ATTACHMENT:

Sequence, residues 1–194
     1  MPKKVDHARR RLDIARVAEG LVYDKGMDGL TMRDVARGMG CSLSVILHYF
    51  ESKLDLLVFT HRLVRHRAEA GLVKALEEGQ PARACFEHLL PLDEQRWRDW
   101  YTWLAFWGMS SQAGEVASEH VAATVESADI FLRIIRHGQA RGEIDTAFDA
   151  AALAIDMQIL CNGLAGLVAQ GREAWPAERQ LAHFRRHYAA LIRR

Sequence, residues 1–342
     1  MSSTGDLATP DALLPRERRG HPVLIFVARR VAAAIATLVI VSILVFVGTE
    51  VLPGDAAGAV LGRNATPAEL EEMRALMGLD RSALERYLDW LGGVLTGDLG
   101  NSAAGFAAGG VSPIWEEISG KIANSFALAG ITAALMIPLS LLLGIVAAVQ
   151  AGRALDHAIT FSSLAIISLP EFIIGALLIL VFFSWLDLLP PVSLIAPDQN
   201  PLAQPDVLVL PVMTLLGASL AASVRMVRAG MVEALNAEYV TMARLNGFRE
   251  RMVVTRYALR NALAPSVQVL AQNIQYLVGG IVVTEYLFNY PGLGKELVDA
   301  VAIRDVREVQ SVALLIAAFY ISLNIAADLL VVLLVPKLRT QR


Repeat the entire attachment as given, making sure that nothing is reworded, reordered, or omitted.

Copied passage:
Sequence, residues 1–194
     1  MPKKVDHARR RLDIARVAEG LVYDKGMDGL TMRDVARGMG CSLSVILHYF
    51  ESKLDLLVFT HRLVRHRAEA GLVKALEEGQ PARACFEHLL PLDEQRWRDW
   101  YTWLAFWGMS SQAGEVASEH VAATVESADI FLRIIRHGQA RGEIDTAFDA
   151  AALAIDMQIL CNGLAGLVAQ GREAWPAERQ LAHFRRHYAA LIRR

Sequence, residues 1–342
     1  MSSTGDLATP DALLPRERRG HPVLIFVARR VAAAIATLVI VSILVFVGTE
    51  VLPGDAAGAV LGRNATPAEL EEMRALMGLD RSALERYLDW LGGVLTGDLG
   101  NSAAGFAAGG VSPIWEEISG KIANSFALAG ITAALMIPLS LLLGIVAAVQ
   151  AGRALDHAIT FSSLAIISLP EFIIGALLIL VFFSWLDLLP PVSLIAPDQN
   201  PLAQPDVLVL PVMTLLGASL AASVRMVRAG MVEALNAEYV TMARLNGFRE
   251  RMVVTRYALR NALAPSVQVL AQNIQYLVGG IVVTEYLFNY PGLGKELVDA
   301  VAIRDVREVQ SVALLIAAFY ISLNIAADLL VVLLVPKLRT QR